Tuesday, September 16, 2008

Lecture 4

Lecture 4


Functions required in communication networks


  • user services
    • Including smtp, ftp, telnet, http, video conferencing
  • Switching
    • Transfer information between communication lines
  • Transmission
    • Ability to transmit information across a medium
  • Addressing
    • Identify communication lines and stations
  • Multiplexing    
    • Means for coupling information from different sources together
  • Routing
    • Identify the shortest path between the source and destination
  • Congestion control
    • Identify congestion of data and / or ways to prevent it
  • Flow control
    • Prevent overwhelming of a slower computer
  • Quality of service (QOS)
    • Allocate different class of service to different users
  • Compatibility
    • Connect heterogeneous networks
  • Error detection
    • Identify errors and / or correct them
  • Security
    • Prevent eavesdropping
  • Management
    • Monitor and recover from faults, manage bills etc.

Types of Networks


  • Networks are typically classified in three types: LAN, MAN and WAN
  1. Local Area Networks
    1. Small networks confined to a few kilometre ( <= 1km )
    2. Speeds confined to 100mps. Newer LANs run up to 10Gbps
    3. Uses the principal of broadcasting (one transmits, others listen)
    4. Various Topologies including Token Bus and Token Ring are possible
  2. Metropolitan Area Networks
    1. Covers up to a city (<=10km), Example: Cable TV network, IEEE 802.16
    2. Cable network were initially designed for TV and later extended to Internet
  3. Wide Area Networks
    1. Spans a continent (<=10000 km), Example: internet
    2. Interconnects various LAN using switches (routers) and transmission lines
    3. Uses packet switching in conjunction with the store and forward technology


Chapter 2




  • A set of rules and conventions used by two communicating parties
  • How a communication will be initiated and terminated
  • How data and control information are arranged in a datagram
  • What control information is included, etc.
  • Examples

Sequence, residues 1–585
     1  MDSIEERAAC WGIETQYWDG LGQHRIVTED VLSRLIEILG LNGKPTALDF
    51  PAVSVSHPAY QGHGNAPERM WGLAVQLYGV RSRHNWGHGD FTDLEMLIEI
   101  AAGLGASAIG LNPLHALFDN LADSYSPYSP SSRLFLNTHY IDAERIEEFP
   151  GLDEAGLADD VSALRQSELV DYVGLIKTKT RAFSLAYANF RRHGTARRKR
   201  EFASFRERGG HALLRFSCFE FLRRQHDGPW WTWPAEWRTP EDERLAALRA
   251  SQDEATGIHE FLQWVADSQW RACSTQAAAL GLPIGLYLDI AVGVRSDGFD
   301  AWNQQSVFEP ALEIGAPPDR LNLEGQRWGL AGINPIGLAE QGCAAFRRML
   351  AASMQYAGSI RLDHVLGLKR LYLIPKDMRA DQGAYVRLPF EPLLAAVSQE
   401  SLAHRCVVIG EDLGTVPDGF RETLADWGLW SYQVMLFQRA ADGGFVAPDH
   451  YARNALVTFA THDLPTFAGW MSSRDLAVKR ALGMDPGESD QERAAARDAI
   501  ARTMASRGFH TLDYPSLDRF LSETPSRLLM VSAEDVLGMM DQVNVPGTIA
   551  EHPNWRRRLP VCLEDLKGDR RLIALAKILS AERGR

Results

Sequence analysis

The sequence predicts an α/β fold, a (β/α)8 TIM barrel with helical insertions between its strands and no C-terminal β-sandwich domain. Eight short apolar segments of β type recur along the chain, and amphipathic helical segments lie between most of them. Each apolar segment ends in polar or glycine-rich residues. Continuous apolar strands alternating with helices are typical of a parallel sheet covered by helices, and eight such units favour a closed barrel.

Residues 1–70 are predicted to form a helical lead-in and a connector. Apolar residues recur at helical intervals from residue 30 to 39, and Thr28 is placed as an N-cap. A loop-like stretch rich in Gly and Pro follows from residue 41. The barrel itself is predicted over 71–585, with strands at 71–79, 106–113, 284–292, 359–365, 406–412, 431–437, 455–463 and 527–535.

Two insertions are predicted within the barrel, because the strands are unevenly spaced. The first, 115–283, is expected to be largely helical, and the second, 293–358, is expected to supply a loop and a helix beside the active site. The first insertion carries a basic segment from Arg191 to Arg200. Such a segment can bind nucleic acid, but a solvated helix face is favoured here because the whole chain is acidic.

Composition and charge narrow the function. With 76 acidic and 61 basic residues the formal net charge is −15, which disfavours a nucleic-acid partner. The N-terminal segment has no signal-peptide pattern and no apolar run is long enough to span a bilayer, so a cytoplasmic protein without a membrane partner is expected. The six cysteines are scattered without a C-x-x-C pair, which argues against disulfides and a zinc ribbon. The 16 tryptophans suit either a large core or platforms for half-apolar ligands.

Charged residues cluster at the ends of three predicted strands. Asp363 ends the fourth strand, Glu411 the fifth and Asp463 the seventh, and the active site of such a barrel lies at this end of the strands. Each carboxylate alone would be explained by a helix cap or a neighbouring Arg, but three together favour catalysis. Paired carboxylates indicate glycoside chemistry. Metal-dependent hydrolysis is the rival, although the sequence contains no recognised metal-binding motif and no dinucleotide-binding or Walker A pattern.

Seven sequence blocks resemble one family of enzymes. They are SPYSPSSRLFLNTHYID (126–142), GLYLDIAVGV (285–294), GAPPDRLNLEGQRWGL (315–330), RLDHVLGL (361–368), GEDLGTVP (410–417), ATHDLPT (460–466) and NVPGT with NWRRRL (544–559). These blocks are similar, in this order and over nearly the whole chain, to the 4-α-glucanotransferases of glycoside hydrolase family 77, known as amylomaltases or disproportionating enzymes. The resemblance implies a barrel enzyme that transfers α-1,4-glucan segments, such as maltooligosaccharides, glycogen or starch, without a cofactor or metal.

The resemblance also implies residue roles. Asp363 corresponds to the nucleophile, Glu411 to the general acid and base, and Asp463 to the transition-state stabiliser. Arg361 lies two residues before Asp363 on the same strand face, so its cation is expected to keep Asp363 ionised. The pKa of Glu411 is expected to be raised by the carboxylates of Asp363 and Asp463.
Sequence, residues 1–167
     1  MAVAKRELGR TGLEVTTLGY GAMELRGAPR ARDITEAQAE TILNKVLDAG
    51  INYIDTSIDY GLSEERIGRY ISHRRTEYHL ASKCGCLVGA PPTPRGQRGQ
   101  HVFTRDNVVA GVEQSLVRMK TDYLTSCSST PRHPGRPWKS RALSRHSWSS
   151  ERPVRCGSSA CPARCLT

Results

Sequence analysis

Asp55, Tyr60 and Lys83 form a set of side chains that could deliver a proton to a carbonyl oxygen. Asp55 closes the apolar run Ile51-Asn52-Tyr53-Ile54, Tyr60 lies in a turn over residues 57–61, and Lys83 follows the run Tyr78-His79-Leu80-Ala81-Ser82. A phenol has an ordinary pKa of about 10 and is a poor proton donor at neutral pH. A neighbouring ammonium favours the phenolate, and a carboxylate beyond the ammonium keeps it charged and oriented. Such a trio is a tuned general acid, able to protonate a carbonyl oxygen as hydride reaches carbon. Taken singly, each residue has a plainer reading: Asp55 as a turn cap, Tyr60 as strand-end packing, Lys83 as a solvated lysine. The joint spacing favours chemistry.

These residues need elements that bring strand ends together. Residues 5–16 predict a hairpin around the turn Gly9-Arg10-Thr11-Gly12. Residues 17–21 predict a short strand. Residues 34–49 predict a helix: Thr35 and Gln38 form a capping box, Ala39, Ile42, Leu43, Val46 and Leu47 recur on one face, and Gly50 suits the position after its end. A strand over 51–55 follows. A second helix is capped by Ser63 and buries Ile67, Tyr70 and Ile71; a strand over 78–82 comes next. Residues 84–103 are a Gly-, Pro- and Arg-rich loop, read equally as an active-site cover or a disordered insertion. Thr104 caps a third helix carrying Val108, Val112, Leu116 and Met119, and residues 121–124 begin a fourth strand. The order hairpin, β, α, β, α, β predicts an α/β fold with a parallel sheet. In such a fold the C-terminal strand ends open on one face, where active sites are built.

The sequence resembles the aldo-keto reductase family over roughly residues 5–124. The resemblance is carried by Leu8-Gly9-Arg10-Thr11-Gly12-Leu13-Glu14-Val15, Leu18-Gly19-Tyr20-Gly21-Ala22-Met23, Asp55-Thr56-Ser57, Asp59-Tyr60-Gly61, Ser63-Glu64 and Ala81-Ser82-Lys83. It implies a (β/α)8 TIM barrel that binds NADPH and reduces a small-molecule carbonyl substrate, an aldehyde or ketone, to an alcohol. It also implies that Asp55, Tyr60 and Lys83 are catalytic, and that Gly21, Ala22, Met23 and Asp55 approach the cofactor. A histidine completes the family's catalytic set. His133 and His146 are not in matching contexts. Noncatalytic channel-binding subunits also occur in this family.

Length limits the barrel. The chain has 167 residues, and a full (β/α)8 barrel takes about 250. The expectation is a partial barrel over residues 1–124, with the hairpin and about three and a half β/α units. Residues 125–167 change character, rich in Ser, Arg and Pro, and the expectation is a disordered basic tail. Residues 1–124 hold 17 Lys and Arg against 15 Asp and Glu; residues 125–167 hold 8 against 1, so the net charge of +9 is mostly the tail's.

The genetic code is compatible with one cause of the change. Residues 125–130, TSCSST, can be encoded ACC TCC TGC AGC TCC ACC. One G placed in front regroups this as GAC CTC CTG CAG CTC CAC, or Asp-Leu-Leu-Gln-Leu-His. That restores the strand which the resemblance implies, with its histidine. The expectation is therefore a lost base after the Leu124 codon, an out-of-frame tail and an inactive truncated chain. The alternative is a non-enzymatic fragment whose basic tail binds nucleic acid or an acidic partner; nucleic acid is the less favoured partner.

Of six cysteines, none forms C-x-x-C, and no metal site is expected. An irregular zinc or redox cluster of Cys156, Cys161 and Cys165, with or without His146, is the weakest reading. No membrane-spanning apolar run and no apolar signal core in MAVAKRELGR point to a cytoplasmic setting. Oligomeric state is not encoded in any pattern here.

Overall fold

• http
    • ftp
    • smtp
    • tcp

Client / Server configuration


  • a server is a computer which may store information / control a network, may store information this is required by all nodes on the network
    • usually a server is more powerful than other hosts on the network
  • a client is another machine connected to the server that retrieve information stored on the server
  • client / server protocol
    • client makes a request over the network to the server
    • the client waits for a response from the server and be ready to receive an answer
    • the servers gets the request, performs the tasks required of it based on the request and returns a reply
  • basic definitions
    • Port is a process on the server that is waiting for requests that come in, and listen on particular ports for particular requests. Ports used quite often are usually known by number
    • Daemon runs on a machine and listens for requests
    • Networks consist of two components
      • Hardware that forms the infrastructure connecting the computers, example twisted pair wire, optical fibre
      • Software that forms a cohesive connection such that the user sees the entire network as a single coherent system. The design of software is highly structured and is the focus of our discussion this presentation
        • Meant to integrate the whole system seamlessly, making the network invisible to the user
        • Structure is the relationship between various entities

    • Browsing a website
      • User clicks a URL
      • Client process determines the IP address corresponding to the host name using the domain name server (DNS) query
        • Using the IP address, client process sets up a 2-way TCP connection with port 80 with the WWW server
        • TCP connection is reliable and connection oriented
      • Client HTTP daemon sends a request (GET) for the document specified in the url. HTTP version used by the browser is HTTP/1.1
      • Server http daemon receives the GET command by listening at CP port 80 and interprets the message

Address Resolution


  • The http example requires a DNS query to resolve the address of server. In other words, an ip address is to be retrieved from the domain name
  • The address resolution is performed b a domain name system(DNS) which is a distributed database used to convert names into addresses
  • A process in the host called 'resolver' composes the question for the DNS
  • The resolver contacts the local DNS server first. Only if it fails to resolve an address, a higher level DNS server is accessed
  • The communication between resolver and DNS server is carried out using the UDP protocol of the transport layer. UDP protocol is unreliable and provides connectionless service.



  • The mail client contacts a local SMTP server for delivery of an email
  • The user prepares a message with recipients email address, subject and body
  • The mail client contacts the local smtp server (may require dns resolution if ip address isn't known) using the TCP protocol of the transport layer and transmits the file to the local SMTP server
  • The local smtp server repeats the above process with the destination smtp server, which in turn repeats the process with the destination SMTP

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